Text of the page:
Food security: how your community can take the initiative

There are many aspects of the Covid and climate crises where you may feel disempowered, dependent on government responses. However, food security is an issue where individuals and communities have scope for positive action now!

Britain’s food self-sufficiency has declined from 80% to 60% in the past thirty years. We’re especially vulnerable on vegetables and fruit. Many experts expect worsening food shortages due to climate change, and on top of that we can add threats from Brexit, Covid and more.

In early 2020, Seeding our Future started a project in my home town, Bridport, to explore how this community can improve its food security. We hope this will be a pilot project from which other towns and cities can learn.

This blog gives you an overview of how we’ve approached our local community and what we’re hoping to evolve. You can find fuller information, and sign up for our e-newsletters, at https://www.seedingourfuture.org.uk/.

Who and how

For any pioneering initiative, it helps to have a small team: working alone on something like this is depleting. At the outset, I recruited three colleagues, working a few hours per week, at a modest pay rate which I’m funding from money in a charitable trust. Between us, we have a lot of experience and connections in the local community and food sector.

One way we’ve developed our project is through meetings open to anyone in the local community: initially in person, then online when Covid happened. These have brought in new ideas and offers of help, such as access to grant funding. You have to accept that most community initiatives are time consuming. Along with the big open meetings, we’ve had many smaller ones. And we’ve had a common challenge with such projects, of whether to get involved in related issues, such as providing more land for allotments, or healthier food in hospitals.

We’ve had to be patient, to listen very attentively to other voices in this community, and keep reshaping the project to find the best fit. We have sometimes met with prejudice, vested interests or grumpy people. My tactic is usually to go sideways or upwards, not confront them. Sideways means help form opinion-leading organisations or individuals who may have more influence than us newcomers. Going upwards means seeking a higher shared value, an accepted general principle, or an authority figure, that can lift us above the apparent point of tension.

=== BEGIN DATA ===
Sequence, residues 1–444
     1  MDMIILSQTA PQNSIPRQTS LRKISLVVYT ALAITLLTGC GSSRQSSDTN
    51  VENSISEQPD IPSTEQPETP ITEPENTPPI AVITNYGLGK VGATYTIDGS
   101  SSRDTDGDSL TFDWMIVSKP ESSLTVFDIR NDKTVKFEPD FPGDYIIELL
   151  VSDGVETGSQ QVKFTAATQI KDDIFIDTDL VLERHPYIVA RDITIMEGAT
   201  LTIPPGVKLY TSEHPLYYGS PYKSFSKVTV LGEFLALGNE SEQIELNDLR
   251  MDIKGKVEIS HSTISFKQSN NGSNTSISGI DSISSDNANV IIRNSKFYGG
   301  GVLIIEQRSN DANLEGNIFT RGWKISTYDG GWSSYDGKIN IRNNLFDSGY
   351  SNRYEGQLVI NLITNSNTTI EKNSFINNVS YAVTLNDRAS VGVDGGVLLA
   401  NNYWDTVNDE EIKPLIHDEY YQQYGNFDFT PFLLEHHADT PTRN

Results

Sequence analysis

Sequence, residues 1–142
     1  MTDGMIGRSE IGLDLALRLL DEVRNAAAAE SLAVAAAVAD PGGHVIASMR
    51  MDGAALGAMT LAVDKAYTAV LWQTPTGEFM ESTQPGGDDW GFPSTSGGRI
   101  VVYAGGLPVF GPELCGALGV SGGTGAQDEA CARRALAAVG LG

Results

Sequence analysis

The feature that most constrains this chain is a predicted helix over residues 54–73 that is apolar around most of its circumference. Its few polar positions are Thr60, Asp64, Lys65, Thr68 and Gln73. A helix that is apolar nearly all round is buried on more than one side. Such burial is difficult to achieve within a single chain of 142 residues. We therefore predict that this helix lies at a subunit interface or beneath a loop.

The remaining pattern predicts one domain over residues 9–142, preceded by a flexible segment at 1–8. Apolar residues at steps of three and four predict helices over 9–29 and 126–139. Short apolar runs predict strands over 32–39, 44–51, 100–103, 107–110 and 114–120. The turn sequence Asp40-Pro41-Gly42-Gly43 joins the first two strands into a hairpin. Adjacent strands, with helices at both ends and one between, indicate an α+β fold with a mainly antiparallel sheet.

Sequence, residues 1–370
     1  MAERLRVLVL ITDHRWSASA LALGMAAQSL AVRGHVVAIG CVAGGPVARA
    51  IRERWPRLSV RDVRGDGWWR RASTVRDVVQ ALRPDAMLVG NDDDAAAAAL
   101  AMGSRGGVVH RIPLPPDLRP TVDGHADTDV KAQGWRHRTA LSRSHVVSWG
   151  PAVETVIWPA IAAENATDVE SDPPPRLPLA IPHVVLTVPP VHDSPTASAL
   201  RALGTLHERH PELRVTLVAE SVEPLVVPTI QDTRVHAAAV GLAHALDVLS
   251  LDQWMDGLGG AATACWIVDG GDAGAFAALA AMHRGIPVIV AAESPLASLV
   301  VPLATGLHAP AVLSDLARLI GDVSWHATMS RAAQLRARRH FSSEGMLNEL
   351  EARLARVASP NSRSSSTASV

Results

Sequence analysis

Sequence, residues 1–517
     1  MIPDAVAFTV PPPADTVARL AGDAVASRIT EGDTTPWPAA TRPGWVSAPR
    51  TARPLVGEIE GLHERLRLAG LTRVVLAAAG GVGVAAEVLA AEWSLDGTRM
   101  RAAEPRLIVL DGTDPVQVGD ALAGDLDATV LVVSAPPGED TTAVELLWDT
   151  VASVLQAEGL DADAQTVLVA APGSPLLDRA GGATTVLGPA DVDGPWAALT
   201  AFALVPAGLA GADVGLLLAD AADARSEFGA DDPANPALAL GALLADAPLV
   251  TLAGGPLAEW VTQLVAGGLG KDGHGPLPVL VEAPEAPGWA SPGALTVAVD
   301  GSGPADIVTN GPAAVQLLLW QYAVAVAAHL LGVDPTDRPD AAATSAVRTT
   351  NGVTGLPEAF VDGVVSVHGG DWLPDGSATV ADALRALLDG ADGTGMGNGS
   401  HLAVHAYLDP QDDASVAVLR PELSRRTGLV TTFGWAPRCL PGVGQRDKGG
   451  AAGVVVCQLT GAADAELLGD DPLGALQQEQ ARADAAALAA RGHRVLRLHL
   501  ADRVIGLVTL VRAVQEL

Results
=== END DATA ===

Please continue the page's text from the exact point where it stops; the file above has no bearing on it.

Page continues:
Another ingredient that has advanced our work is research. For example, I commissioned a substantial report which shows how producers and consumers in South West England can adapt to future climate conditions, through changes in cultivation methods, crops, and diet. This is available as a free download here. The biggest challenge we face is a systemic one: most people have difficulty changing habits or investing effort to prepare for a problem before it hits them.

Outcomes and hopes

After a year, on a shoestring budget, I think we’ve done well. Here’s some of the progress from 2020:

  • Wider awareness of climate change threats among local organisations and individuals.
  • Several well-attended briefing and consultation events, helping to clarify shared priorities and form our plans for 2021 and beyond.
  • We’ve evolved ideas for a local food hub as a catalyst. Initially this will happen online and with pop-up events, but medium term we aim for a physical venue. Key elements include information resources and education as entertainment, including affordable cookery classes.
  • Good working connections, especially with our two partner organisations: Bridport Local Food Group and Transition Town Bridport.
  • Ambassador Allotments set up: these are people already using climate-adaptive crops and methods, willing to share their experience.
  • One grant received, and potential for other funding sources.

Our plans for 2021 feel soundly based on the consultations and debates last year. The main initiatives we hope to take forward this year are:

  • Encourage home growing, through more information resources, and open allotment events.
  • Implement or try out elements of the ‘Food Hub’ concept, including a website led by the Local Food Group.
  • Increase local production of vegetables and fruit connecting landowners, new growers and seed funding.